Psychologists studying whether and when events occur face unique design and analytic difficulties. The fundamental problem is how to handle censored observations, the people for whom the target event does not occur before data collection ends. The methods of survival analysis overcome these difficulties and allow researchers to describe patterns of occurrence, compare these patterns among groups, and build statistical models of the risk of occurrence over time. This article presents a unified description of survival analysis that focuses on 2 topics: study design and data analysis. In the process, we show how psychologists have used the methods during the past decade and identify new directions for future application. The presentation is based on our own experience with the methods in modeling employee turnover and examples drawn from research on mental health, addiction, social interaction, and the life course.
Article
Various methods of graphically portraying censored data are discussed. These include smoothing and model checking. Many existing graphical methods may be expressed as functionals of the empirical distribution function. When the data are subject to censoring, the Kaplan–Meier estimator of the distribution may replace the empirical distribution in these methods. The plots and problems that arise from such a substitution will be discussed.
Article
We discuss the use of standard logistic regression techniques to estimate hazard rates and survival curves from censored data. These techniques allow the statistician to use parametric regression modeling on censored data in a flexible way that provides both estimates and standard errors. An example is given that demonstrates the increased structure that can be seen in a parametric analysis, as compared with the nonparametric Kaplan-Meier survival curves. In fact, the logistic regression estimates are closely related to Kaplan-Meier curves, and approach the Kaplan-Meier estimate as the number of parameters grows large.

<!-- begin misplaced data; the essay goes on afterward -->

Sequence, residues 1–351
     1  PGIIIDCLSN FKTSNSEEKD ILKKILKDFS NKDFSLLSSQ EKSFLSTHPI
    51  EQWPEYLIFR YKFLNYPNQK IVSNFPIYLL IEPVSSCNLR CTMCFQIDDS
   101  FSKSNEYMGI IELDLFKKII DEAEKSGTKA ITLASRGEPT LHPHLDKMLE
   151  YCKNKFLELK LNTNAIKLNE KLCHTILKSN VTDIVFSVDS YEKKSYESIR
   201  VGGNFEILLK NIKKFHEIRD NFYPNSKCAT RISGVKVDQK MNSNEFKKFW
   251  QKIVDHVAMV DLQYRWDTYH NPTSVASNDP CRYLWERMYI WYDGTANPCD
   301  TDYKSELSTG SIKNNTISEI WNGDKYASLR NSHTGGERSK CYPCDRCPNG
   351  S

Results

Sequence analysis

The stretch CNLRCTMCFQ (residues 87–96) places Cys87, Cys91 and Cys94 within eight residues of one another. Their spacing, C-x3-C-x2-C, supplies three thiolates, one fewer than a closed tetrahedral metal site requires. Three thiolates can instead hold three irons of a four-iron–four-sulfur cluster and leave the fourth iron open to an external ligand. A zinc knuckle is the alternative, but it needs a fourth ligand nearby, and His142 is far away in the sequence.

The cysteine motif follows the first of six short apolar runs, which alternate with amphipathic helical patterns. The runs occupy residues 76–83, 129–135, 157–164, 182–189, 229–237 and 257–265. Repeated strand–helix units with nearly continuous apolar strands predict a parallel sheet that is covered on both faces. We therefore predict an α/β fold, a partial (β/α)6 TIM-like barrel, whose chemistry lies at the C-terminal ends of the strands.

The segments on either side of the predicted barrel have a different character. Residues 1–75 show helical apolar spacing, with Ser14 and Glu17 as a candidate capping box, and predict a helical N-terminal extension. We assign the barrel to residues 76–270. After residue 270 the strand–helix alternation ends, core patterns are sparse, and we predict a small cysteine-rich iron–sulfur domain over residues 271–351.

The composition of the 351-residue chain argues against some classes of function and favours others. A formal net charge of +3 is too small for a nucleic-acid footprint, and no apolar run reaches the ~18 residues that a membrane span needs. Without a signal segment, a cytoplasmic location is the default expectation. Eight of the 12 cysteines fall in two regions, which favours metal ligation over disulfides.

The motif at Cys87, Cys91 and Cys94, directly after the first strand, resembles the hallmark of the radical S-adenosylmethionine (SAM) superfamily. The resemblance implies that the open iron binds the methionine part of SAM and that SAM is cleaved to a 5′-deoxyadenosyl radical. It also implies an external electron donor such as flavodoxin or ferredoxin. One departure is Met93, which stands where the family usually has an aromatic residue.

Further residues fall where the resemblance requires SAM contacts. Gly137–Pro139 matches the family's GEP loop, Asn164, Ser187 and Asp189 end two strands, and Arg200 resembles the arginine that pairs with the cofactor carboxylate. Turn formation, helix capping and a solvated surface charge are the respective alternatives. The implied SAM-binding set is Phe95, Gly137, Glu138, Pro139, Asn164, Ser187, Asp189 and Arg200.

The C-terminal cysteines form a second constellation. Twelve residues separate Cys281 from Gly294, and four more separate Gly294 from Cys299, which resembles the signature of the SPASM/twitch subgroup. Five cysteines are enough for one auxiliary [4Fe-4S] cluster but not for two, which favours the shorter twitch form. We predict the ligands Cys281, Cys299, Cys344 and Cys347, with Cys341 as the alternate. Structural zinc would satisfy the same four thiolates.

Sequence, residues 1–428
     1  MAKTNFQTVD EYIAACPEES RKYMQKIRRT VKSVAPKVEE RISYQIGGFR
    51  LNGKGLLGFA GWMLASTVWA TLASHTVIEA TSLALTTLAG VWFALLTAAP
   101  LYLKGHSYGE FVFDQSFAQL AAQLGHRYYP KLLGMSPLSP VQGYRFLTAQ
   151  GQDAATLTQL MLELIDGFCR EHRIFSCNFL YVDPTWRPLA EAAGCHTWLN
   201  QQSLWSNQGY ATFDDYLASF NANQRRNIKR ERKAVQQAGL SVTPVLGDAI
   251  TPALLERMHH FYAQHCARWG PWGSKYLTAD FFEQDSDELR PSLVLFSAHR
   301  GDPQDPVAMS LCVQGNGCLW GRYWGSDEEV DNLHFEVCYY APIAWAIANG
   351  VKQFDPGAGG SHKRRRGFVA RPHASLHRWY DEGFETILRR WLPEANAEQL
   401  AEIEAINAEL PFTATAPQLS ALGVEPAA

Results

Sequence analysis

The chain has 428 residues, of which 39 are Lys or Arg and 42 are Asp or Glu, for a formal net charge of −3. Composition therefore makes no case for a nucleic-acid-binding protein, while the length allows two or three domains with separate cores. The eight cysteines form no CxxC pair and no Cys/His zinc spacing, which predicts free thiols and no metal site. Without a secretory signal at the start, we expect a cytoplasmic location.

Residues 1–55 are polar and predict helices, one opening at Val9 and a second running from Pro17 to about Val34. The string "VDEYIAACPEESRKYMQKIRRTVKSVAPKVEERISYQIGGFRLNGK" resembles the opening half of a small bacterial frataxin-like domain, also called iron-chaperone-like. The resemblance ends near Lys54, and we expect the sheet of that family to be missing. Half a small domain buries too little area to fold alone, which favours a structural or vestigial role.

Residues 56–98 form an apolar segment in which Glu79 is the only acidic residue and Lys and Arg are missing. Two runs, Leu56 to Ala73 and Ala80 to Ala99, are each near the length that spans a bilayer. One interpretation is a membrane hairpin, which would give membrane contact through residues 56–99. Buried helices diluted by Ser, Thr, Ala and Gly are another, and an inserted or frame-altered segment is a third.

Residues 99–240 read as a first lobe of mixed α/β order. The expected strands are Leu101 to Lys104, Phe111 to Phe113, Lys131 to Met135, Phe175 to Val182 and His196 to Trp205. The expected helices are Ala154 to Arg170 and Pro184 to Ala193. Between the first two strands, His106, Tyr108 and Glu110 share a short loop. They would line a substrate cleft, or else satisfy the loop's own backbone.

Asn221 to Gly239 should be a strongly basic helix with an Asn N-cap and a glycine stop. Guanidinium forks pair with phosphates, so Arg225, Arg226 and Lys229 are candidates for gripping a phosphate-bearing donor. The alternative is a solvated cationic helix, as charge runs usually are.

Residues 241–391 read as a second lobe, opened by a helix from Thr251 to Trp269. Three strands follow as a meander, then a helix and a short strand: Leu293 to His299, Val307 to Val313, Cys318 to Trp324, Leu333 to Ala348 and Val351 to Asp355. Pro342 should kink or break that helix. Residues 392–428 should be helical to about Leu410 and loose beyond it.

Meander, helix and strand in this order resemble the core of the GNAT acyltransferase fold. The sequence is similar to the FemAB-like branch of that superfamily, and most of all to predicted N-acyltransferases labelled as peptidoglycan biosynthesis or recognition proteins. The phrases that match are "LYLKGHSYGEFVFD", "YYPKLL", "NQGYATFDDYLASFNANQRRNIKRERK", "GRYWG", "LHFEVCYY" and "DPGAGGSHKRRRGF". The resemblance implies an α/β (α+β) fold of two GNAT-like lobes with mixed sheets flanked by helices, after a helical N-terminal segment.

Article
Attempts to determine whether enough qualified teachers will be available to staff the nation's schools in the coming years have been hampered by methodological difficulties that are inherent in the study of teacher career patterns. In this article, we have applied an analytic technique rarely used in educational research, proportional hazards modeling, to resolve these problems and to investigate the relationship between teachers' background characteristics and their career durations. We find that teacher demographic characteristics and subject specialty are important predictors of length of stay in teaching. Our results call into question several assumptions about teacher career persistence implicit in the national teacher supply and demand model. We also argue that proportional hazards modeling has wide applicability to many educational research questions.